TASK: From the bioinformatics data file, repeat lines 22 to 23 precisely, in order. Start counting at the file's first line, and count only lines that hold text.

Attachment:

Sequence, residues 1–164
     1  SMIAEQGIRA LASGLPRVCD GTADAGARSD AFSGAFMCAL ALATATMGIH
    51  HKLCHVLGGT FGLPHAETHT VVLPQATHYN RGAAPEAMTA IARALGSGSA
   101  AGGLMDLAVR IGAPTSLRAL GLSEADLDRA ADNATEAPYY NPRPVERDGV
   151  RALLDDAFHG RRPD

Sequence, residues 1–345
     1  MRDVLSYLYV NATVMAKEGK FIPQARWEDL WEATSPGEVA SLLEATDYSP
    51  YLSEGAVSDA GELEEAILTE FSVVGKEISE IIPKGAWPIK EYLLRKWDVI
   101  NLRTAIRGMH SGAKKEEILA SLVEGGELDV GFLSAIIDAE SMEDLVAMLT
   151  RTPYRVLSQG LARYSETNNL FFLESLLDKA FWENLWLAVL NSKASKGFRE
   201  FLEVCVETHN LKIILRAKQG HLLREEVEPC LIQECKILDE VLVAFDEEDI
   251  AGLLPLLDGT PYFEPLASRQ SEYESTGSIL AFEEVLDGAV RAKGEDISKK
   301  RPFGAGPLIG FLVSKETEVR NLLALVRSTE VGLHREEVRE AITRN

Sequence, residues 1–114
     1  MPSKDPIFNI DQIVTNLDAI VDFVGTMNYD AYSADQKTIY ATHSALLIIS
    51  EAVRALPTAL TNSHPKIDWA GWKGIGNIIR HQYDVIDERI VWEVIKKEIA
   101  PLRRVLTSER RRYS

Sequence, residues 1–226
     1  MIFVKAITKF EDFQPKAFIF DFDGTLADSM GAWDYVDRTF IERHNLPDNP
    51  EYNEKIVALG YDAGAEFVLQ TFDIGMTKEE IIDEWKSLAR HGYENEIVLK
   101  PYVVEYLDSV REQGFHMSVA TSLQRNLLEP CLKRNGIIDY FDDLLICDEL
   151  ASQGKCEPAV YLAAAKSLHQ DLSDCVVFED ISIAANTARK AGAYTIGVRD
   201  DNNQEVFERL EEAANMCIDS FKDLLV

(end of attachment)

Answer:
   151  ASQGKCEPAV YLAAAKSLHQ DLSDCVVFED ISIAANTARK AGAYTIGVRD
   201  DNNQEVFERL EEAANMCIDS FKDLLV